SURFACE GEOPHYSICAL EXPLORATION DEVELOPING NONINVASIVE TOOLS TO MONITOR PAST LEAKS AROUND HANFORD TANK FARMS

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A characterization program has been developed at Hanford to image past leaks in and around the underground storage tank facilities. The program is based on electrical resistivity, a geophysical technique that maps the distribution of electrical properties of the subsurface. The method was shown to be immediately successful in open areas devoid of underground metallic infrastructure, due to the large contrast in material properties between the highly saline waste and the dry sandy host environment. The results in these areas, confirmed by a limited number of boreholes, demonstrate a tendency for the lateral extent of the underground waste plume to ... continued below

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DA, MYERS; DF, RUCKER; MT, LEVITT; B, CUBBAGE; GE, NOONAN; M, MCNEILL et al. June 17, 2011.

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  • Hanford Site (Wash.)
    Publisher Info: Hanford Site (HNF), Richland, WA (United States))
    Place of Publication: Richland, Washington

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A characterization program has been developed at Hanford to image past leaks in and around the underground storage tank facilities. The program is based on electrical resistivity, a geophysical technique that maps the distribution of electrical properties of the subsurface. The method was shown to be immediately successful in open areas devoid of underground metallic infrastructure, due to the large contrast in material properties between the highly saline waste and the dry sandy host environment. The results in these areas, confirmed by a limited number of boreholes, demonstrate a tendency for the lateral extent of the underground waste plume to remain within the approximate footprint of the disposal facility. In infrastructure-rich areas, such as tank farms, the conventional application of electrical resistivity using small point-source surface electrodes initially presented a challenge for the resistivity method. The method was then adapted to directly use the buried infrastructure as electrodes for both transmission of electrical current and measurements of voltage. For example, steel-cased wells that surround the tanks were used as long electrodes, which helped to avoid much of the infrastructure problems. Overcoming the drawbacks of the long electrode method has been the focus of our work over the past seven years. The drawbacks include low vertical resolution and limited lateral coverage. The lateral coverage issue has been improved by supplementing the long electrodes with surface electrodes in areas devoid of infrastructure. The vertical resolution has been increased by developing borehole electrode arrays that can fit within the small-diameter drive casing of a direct push rig. The evolution of the program has led to some exceptional advances in the application of geophysical methods, including logistical deployment of the technology in hazardous areas, development of parallel processing resistivity inversion algorithms, and adapting the processing tools to accommodate electrodes of all shapes and locations. The program is accompanied by a full set of quality assurance procedures that cover the layout of sensors, measurement strategies, and software enhancements while insuring the integrity of stored data. The data have been shown to be useful in identifying previously unknown contaminant sources and defining the footprint of precipitation recharge barriers to retard the movement of existing contamination.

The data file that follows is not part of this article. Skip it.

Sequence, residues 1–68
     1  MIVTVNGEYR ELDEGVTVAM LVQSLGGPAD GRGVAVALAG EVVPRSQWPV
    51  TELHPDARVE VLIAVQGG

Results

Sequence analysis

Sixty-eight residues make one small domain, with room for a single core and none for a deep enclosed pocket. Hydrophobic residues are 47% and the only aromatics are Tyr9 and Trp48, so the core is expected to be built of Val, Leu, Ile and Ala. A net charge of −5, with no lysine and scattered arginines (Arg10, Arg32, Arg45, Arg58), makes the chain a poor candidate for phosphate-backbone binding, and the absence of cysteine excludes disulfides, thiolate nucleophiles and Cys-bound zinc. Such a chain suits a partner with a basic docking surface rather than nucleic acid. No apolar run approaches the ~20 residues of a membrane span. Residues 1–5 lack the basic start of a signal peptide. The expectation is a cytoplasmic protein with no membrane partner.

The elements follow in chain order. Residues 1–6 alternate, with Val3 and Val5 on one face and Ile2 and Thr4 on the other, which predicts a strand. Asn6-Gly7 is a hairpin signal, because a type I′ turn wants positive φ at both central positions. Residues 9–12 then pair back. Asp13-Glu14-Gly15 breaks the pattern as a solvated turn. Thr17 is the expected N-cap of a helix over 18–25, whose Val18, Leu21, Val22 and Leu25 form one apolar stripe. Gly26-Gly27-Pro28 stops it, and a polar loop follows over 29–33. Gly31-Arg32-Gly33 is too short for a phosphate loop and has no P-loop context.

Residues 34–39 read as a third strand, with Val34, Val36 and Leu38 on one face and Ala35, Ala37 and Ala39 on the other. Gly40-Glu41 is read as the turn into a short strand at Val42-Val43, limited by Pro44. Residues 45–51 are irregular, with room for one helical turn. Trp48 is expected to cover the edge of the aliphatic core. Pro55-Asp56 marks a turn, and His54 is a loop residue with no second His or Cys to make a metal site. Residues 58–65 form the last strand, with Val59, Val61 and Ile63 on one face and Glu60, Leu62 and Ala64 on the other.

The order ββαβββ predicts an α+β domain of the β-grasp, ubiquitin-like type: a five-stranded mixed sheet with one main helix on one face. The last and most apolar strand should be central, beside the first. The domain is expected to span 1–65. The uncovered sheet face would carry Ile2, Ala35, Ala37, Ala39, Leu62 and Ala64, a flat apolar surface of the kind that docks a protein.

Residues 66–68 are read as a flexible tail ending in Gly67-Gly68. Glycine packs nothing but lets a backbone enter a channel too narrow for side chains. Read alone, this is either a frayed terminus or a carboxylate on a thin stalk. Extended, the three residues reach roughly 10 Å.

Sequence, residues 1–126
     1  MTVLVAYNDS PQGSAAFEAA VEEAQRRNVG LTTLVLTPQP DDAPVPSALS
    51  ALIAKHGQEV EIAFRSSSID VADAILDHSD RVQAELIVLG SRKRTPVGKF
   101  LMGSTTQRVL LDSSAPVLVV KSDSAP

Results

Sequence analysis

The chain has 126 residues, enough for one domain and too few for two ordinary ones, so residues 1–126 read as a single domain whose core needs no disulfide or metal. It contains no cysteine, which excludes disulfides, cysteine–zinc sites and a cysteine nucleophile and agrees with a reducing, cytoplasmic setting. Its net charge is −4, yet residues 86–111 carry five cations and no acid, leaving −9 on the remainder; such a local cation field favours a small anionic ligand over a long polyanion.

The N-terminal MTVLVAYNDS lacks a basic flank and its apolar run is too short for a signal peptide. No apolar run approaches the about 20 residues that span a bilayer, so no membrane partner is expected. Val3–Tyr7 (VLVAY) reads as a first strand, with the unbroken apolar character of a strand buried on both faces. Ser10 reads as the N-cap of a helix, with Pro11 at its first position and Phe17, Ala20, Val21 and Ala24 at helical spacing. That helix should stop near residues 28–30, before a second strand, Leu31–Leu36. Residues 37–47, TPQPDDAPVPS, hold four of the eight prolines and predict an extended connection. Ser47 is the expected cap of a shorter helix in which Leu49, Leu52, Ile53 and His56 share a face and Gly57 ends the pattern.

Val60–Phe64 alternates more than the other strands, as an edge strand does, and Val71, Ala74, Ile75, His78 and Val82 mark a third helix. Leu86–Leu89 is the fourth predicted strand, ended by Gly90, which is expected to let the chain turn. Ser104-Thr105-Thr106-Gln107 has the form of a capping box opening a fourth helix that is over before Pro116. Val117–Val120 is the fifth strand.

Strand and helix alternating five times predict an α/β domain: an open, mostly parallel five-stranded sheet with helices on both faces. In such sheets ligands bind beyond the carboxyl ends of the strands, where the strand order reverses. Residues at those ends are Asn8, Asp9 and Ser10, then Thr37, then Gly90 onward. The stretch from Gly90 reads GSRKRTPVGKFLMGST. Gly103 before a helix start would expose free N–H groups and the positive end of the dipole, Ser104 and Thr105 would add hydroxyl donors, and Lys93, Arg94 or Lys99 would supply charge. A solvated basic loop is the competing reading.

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  • Journal Name: PRE-PUBLICATION ENVIRONMENTAL MONITORING AND ASSESSMENT SPRINGER

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  • Report No.: WRPS-50043 Rev 0
  • Grant Number: DE-AC27-08RV14800
  • Office of Scientific & Technical Information Report Number: 1017420
  • Archival Resource Key: ark:/67531/metadc840942

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  • June 17, 2011

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  • May 19, 2016, 3:16 p.m.

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  • July 25, 2016, 6:17 p.m.

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DA, MYERS; DF, RUCKER; MT, LEVITT; B, CUBBAGE; GE, NOONAN; M, MCNEILL et al. SURFACE GEOPHYSICAL EXPLORATION DEVELOPING NONINVASIVE TOOLS TO MONITOR PAST LEAKS AROUND HANFORD TANK FARMS, article, June 17, 2011; Richland, Washington. (digital.library.unt.edu/ark:/67531/metadc840942/: accessed October 22, 2018), University of North Texas Libraries, Digital Library, digital.library.unt.edu; crediting UNT Libraries Government Documents Department.